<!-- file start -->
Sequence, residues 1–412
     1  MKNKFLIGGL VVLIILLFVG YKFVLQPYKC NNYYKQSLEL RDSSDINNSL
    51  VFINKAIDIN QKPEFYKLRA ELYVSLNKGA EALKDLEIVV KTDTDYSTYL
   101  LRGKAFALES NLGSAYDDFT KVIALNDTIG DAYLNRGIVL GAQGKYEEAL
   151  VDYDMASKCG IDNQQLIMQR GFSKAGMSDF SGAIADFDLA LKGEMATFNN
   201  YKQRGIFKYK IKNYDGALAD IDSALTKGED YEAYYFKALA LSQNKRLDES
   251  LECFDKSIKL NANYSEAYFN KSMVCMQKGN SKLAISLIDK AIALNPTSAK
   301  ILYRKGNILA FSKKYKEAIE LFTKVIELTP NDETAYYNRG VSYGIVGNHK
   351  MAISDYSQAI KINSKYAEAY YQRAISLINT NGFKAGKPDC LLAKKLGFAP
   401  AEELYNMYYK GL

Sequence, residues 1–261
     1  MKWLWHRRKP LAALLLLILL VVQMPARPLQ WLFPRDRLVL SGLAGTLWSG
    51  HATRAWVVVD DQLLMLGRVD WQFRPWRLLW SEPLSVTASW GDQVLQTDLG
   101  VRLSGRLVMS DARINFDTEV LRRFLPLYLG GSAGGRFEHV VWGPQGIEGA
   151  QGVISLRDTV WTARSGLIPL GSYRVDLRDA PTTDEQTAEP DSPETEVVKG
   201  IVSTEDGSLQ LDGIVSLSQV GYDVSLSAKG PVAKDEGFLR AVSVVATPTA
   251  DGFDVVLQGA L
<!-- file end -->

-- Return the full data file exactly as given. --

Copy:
Sequence, residues 1–412
     1  MKNKFLIGGL VVLIILLFVG YKFVLQPYKC NNYYKQSLEL RDSSDINNSL
    51  VFINKAIDIN QKPEFYKLRA ELYVSLNKGA EALKDLEIVV KTDTDYSTYL
   101  LRGKAFALES NLGSAYDDFT KVIALNDTIG DAYLNRGIVL GAQGKYEEAL
   151  VDYDMASKCG IDNQQLIMQR GFSKAGMSDF SGAIADFDLA LKGEMATFNN
   201  YKQRGIFKYK IKNYDGALAD IDSALTKGED YEAYYFKALA LSQNKRLDES
   251  LECFDKSIKL NANYSEAYFN KSMVCMQKGN SKLAISLIDK AIALNPTSAK
   301  ILYRKGNILA FSKKYKEAIE LFTKVIELTP NDETAYYNRG VSYGIVGNHK
   351  MAISDYSQAI KINSKYAEAY YQRAISLINT NGFKAGKPDC LLAKKLGFAP
   401  AEELYNMYYK GL

Sequence, residues 1–261
     1  MKWLWHRRKP LAALLLLILL VVQMPARPLQ WLFPRDRLVL SGLAGTLWSG
    51  HATRAWVVVD DQLLMLGRVD WQFRPWRLLW SEPLSVTASW GDQVLQTDLG
   101  VRLSGRLVMS DARINFDTEV LRRFLPLYLG GSAGGRFEHV VWGPQGIEGA
   151  QGVISLRDTV WTARSGLIPL GSYRVDLRDA PTTDEQTAEP DSPETEVVKG
   201  IVSTEDGSLQ LDGIVSLSQV GYDVSLSAKG PVAKDEGFLR AVSVVATPTA
   251  DGFDVVLQGA L